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How Long Does Cataract Surgery Take?

December 19, 2023

If your eye doctor has told you that you have a cataract and recommended cataract surgery, you probably have many questions about what the procedure entails. Cataract surgery is a routine outpatient procedure that is highly successful in restoring vision clouded by cataracts. 

Keep reading to learn more about cataract surgery, including how long the procedure takes!

What are Cataracts?

A cataract forms when the lens inside your eye becomes cloudy. The cloudiness occurs when proteins inside the lens break down and clump together. 

Without a cataract, the clear lens allows light to enter the eye uninterrupted. However, a large enough clump of protein is able to block out light, casting a shadow inside the eye.
Cataracts are usually caused by aging. In fact, assuming you live to be old enough, you will have cataracts at some point. 

There are certain things that can cause them to develop earlier than normal. This includes smoking, a poor diet, and too much exposure to sunlight.

What Are the Most Common Symptoms of Cataracts?

Cataracts typically grow very slowly and don't begin developing in most people until they reach forty. Even at this age, it could be many years before you notice any symptoms. 

Common symptoms of cataracts are:

Cloudy Vision

This is the result of the cataract blocking light from reaching the light-sensitive retina.

Poor Vision in Low Light

Sight is noticeably more difficult at night when limited light is available.   


This happens when light scatters off in the eye due to the cataract and bounces around in the eye.  


You may notice strange visual disturbances, such as halos or starbursts forming around fixed points of light. 

Double Vision

Cataracts may cause multiple images to appear in one eye. 

 If you have some of these symptoms, you could be developing cataracts.

Take the Free Cataract Self-Test

How Do I Prepare for Cataract Surgery?

After you've had your cataract screening and you're scheduled for cataract surgery, you need to prepare. Your eye doctor will give you a list of instructions during your screening, but here is what it could look like.

First, you need to not drink or eat anything for twelve hours before the procedure. You may need to stop taking certain medications as well, significantly if they increase your risk of bleeding.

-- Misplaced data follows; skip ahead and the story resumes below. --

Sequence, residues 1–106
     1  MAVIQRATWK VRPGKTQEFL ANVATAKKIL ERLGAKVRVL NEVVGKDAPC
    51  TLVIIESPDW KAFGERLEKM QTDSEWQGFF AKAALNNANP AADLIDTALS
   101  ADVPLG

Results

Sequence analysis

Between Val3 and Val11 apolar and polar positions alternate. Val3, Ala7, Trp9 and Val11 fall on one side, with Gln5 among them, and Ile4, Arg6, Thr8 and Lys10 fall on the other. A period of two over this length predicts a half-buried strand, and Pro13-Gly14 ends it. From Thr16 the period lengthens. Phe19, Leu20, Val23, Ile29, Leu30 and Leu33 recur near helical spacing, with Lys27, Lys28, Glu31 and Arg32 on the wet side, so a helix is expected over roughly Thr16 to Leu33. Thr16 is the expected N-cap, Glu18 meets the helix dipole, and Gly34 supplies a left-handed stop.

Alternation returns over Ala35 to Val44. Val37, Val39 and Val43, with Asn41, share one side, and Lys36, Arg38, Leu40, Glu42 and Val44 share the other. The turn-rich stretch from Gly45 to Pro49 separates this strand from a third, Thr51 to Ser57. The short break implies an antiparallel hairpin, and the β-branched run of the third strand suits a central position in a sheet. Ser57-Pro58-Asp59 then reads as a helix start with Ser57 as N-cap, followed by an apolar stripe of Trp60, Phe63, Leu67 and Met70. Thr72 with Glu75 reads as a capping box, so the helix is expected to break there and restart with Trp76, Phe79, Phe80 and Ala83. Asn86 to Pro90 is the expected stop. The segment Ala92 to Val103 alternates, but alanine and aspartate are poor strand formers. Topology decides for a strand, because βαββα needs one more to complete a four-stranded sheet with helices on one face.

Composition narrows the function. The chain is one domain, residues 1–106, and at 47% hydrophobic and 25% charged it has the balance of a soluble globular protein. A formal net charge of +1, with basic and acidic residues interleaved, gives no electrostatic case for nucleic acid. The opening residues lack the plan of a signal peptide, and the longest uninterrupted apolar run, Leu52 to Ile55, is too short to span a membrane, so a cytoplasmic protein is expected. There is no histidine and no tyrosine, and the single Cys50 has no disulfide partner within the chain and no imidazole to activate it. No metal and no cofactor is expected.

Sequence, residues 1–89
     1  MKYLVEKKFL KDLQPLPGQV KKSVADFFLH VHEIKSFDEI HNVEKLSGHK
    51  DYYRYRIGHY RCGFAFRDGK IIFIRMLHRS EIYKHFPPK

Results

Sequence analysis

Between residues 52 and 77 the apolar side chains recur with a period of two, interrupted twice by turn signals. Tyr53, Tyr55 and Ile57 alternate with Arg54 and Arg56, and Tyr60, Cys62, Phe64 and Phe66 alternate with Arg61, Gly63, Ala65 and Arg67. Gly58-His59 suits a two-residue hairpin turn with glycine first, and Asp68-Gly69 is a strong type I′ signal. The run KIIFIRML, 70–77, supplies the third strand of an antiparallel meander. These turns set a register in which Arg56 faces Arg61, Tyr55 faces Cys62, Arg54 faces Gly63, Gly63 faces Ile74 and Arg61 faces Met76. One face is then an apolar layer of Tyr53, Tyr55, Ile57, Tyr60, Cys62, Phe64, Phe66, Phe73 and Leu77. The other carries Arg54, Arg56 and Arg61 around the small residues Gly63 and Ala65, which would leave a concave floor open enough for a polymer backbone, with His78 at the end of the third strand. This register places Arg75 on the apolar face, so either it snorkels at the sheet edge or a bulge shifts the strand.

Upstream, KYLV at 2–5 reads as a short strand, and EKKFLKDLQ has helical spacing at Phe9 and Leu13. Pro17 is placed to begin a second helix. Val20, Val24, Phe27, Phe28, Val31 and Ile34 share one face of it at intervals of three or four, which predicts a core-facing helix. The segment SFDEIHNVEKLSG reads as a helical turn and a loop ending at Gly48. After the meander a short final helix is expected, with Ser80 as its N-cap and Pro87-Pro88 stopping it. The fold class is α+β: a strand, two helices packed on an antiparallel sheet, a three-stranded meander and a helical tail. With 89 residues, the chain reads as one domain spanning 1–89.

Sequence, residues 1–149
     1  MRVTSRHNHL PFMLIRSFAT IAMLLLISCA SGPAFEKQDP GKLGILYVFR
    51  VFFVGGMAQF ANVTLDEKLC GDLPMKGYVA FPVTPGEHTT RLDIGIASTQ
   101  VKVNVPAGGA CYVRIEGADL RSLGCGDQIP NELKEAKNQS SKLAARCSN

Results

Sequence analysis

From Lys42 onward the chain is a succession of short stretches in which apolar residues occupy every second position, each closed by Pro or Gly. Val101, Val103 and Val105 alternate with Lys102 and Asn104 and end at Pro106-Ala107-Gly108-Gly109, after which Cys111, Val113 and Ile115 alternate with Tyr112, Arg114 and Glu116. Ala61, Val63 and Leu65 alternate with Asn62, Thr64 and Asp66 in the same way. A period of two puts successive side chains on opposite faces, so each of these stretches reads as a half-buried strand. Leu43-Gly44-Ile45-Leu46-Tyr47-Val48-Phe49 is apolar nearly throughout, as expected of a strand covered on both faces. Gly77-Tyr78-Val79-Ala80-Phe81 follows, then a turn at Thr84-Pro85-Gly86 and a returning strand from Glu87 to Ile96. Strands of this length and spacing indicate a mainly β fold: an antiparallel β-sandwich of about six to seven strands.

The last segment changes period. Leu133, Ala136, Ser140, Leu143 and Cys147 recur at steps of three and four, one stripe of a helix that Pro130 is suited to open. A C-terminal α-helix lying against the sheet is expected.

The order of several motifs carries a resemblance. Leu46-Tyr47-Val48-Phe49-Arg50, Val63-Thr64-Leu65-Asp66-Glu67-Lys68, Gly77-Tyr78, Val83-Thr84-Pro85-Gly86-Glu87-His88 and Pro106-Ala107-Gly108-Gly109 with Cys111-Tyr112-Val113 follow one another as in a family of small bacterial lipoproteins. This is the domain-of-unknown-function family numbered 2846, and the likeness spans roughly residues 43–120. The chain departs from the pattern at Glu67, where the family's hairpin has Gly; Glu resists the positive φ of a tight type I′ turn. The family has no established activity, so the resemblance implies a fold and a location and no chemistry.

You may be instructed to use antibiotic eye drops for a couple of days before the surgery. You should also take some time to schedule a ride. 

You won't be able to drive yourself after cataract surgery for at least a day. Make sure to plan accordingly. 

If you have a lot of chores, get some help around the house. You won't be able to bend over or lift anything heavy for a bit. 

How Do You Choose an IOL?

An IOL, or intraocular lens, will replace your natural lens during cataract surgery. After the natural lens has been removed, it will be replaced with an artificial lens. 

Carroll Vision Center offers a wide range of premium IOL options including the Alcon PanOptix multifocal lens, the AcrySof IQ Vivity Extended Depth of Focus (EDOF) lens, and the Acrysof toric lens. 

Which IOL is best for you will depend on a variety of factors, including your vision goals, hobbies, and lifestyle. Your eye doctor at Carroll Vision Center will help you determine which one is best for you.

Do you want to learn which IOL may be best for you?

Schedule a cataract evaluation today

What Happens During Cataract Surgery?

During cataract surgery, your cataract surgeon creates an opening in your cornea, the lens is broken apart in your eye and removed, the IOL is inserted, and the cornea is closed. 

The procedure is quick and easy. Since it's outpatient, you will get to go home the same day.

At Carroll Vision Center, our cataract surgeons are experts and have many years of experience performing cataract surgery. You can rest assured that you are in good hands with the professionals at Carroll Vision Center.

How Long Will Cataract Surgery Take?

For each eye, the procedure itself should take only about fifteen minutes. This includes the incision, the lens removal, and the IOL placement. 

However, you will need to spend some time resting in the clinic before you go home. Once the surgery has ended, you will begin your recovery immediately. 

Most people see improvement in their vision right away, but for some people, it takes several days. Thanks to the minimal incision, your eye should heal rapidly. 

Expect to lay low for at least a week. You will be able to slowly add back more of your routine as your eye heals. 

In no time, you will be healed, rested, and ready to fully enjoy your new sight!

Are you experiencing symptoms of cataracts? Schedule a cataract evaluation at Carroll Vision Center in Westminster, MD, today!